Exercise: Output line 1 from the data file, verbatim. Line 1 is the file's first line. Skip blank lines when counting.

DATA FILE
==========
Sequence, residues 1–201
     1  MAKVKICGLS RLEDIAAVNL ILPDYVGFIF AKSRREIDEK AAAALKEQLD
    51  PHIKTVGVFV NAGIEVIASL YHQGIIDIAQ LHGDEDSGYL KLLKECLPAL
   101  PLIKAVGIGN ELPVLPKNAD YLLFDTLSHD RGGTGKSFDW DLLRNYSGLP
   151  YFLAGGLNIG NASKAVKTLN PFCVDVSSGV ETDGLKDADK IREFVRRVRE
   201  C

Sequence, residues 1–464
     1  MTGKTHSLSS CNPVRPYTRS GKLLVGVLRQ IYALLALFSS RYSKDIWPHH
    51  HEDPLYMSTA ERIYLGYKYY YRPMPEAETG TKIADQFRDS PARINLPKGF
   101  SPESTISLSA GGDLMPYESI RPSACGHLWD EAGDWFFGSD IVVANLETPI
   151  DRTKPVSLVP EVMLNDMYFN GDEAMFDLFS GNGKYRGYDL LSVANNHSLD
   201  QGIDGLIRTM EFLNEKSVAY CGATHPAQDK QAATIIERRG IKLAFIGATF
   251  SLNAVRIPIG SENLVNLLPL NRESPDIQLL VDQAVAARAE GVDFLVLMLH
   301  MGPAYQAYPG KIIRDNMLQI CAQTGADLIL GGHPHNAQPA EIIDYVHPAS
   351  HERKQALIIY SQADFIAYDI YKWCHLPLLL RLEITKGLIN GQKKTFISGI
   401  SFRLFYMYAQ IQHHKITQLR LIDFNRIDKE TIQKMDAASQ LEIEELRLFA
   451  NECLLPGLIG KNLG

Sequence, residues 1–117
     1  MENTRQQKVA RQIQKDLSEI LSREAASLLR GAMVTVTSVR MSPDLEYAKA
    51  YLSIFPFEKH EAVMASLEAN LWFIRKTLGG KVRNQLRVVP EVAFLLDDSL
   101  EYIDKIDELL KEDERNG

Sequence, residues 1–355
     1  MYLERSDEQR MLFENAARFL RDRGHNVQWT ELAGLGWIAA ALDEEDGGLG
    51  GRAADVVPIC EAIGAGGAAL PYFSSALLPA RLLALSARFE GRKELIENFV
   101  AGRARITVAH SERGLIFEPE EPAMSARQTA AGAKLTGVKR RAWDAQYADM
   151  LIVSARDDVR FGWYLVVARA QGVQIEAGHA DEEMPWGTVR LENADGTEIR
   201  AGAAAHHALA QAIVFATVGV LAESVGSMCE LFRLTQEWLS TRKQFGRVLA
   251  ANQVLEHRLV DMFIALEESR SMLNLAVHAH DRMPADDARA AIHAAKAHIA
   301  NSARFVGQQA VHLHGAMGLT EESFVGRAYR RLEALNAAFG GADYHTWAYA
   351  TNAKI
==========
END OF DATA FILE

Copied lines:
Sequence, residues 1–201